The place had beautiful light but it was in a really old building. It was in need of a lot of work. I moved into that space and stayed there for roughly nine or ten years. Initially my studio was the size of a closet. Although there were other artists on that floor, I ended up taking over the whole floor for gallery and more work space. After ten years, the landlord decided — it was getting very gentrified in that area — that he wanted to rent it out as an apartment and get a lot more money for it. And so we moved here to this location and we've been here for eight years.

ArtStyle: How do you manage this print shop?

DML: For the print shop itself, I intended to run it like a university shop but at a higher level. The printmakers working here would all be professionals, and they would pay a monthly fee and they would all have key access. It's been that way from the beginning, and it has worked out really well. I have always had interns to help run the shop, and I used to have an assistant director, who got a studio space in trade for her work with the CPC. It was then I could afford to take off a couple of months to have my babies, knowing that the shop would be fine, and I could kind of monitor it from home.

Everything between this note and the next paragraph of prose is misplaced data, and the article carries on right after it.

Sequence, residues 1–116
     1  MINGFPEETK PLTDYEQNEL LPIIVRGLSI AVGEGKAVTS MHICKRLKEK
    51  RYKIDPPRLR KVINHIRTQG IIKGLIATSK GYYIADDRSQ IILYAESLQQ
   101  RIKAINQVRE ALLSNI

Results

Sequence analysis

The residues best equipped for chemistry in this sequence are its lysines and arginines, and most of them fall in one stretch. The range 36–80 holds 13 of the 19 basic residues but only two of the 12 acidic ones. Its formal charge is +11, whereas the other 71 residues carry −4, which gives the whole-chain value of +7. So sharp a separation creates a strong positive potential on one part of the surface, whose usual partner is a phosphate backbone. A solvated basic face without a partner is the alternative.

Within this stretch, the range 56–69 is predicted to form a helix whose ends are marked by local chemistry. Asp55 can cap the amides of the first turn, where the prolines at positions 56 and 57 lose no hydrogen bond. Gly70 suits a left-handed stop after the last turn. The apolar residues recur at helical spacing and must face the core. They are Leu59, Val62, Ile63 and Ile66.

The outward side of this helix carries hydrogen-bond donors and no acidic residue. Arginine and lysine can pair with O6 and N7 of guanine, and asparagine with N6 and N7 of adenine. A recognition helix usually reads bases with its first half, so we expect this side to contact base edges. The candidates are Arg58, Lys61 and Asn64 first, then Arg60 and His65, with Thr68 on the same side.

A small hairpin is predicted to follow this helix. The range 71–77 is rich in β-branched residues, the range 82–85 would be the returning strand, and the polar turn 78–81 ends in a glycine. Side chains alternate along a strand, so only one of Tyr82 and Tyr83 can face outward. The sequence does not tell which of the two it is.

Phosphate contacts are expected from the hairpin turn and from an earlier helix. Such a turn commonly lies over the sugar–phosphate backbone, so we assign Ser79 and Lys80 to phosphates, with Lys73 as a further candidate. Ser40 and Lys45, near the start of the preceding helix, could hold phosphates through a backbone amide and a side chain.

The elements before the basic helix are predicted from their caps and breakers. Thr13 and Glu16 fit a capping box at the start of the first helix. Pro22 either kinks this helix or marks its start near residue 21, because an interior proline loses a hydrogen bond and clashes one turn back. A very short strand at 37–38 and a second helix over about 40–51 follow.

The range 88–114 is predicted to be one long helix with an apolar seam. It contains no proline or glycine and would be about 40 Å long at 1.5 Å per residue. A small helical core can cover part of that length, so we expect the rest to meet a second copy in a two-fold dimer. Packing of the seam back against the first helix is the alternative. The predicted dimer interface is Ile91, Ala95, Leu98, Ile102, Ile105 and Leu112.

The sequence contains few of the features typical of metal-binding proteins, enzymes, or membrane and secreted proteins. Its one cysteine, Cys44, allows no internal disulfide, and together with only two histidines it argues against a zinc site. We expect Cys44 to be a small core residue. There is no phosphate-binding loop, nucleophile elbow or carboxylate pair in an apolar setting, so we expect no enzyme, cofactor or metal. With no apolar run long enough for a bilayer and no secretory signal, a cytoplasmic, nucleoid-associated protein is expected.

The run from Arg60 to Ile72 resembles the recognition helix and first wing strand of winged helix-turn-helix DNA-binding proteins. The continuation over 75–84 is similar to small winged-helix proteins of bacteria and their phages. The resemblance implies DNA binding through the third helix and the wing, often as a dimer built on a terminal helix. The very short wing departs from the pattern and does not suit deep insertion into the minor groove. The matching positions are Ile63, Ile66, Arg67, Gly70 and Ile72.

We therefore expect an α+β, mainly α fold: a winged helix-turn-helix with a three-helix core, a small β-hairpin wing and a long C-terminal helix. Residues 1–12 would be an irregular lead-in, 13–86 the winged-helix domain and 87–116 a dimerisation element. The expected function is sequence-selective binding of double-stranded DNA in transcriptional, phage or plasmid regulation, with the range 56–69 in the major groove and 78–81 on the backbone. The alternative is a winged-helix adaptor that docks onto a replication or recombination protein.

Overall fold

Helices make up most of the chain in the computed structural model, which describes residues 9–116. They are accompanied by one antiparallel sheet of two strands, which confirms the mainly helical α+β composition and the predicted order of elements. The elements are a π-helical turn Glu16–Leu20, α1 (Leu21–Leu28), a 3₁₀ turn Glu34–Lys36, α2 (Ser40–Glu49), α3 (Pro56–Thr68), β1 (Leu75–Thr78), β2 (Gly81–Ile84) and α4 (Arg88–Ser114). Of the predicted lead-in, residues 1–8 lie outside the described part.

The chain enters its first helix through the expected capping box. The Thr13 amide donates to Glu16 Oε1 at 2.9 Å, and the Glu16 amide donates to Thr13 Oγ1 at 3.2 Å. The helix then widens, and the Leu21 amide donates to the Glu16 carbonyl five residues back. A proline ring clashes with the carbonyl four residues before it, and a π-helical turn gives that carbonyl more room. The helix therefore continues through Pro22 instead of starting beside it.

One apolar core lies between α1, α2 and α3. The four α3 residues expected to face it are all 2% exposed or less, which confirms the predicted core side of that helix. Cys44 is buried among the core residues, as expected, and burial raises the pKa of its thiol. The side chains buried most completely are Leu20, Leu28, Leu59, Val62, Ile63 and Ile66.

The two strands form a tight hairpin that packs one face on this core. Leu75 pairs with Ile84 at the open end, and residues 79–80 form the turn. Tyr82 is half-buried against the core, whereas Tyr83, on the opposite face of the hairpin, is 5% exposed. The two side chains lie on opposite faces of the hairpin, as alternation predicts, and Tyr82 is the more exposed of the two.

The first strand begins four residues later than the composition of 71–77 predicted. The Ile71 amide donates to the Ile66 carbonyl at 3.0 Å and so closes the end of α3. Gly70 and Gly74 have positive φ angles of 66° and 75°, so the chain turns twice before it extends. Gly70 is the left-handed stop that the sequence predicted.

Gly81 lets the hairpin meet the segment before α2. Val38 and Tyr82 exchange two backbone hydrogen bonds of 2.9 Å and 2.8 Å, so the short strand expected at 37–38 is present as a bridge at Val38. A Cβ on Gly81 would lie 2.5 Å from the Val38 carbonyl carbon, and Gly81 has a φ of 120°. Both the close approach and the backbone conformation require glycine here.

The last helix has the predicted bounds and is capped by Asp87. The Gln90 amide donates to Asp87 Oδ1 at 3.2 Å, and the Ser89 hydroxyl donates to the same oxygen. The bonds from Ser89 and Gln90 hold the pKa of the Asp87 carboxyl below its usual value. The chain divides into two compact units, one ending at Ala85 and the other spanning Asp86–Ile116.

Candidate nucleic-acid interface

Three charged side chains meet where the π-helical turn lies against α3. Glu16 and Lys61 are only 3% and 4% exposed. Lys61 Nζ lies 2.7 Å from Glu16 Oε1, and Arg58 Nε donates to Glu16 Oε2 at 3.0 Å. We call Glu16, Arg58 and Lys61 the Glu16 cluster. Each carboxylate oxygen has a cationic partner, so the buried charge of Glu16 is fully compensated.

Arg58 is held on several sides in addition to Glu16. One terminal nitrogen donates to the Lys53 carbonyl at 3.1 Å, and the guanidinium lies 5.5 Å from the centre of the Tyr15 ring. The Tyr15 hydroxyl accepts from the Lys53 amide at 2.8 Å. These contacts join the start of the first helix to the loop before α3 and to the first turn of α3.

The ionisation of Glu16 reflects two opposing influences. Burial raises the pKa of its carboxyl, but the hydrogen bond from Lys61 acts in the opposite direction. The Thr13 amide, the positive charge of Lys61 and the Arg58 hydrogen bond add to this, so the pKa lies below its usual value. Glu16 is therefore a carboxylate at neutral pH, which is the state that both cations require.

Deborah Maris Lader printshop
Courtesy of the Artist

ArtStyle: Do you offer classes here?

DML: We used to offer lots of group classes but now we only offer private classes and an occasional group class, mostly master classes or intensives. We're having a week-long intensive class in etching July 9-13, which meets every day, all day for the week with added weekend hours. And these intensive classes have been really popular. We also teach classes through the MCA where some of the classes are at the MCA and some are at the CPC. I enjoy the partnership with the MCA and Gallery 37 and similar programs in order to provide classes and opportunities for people.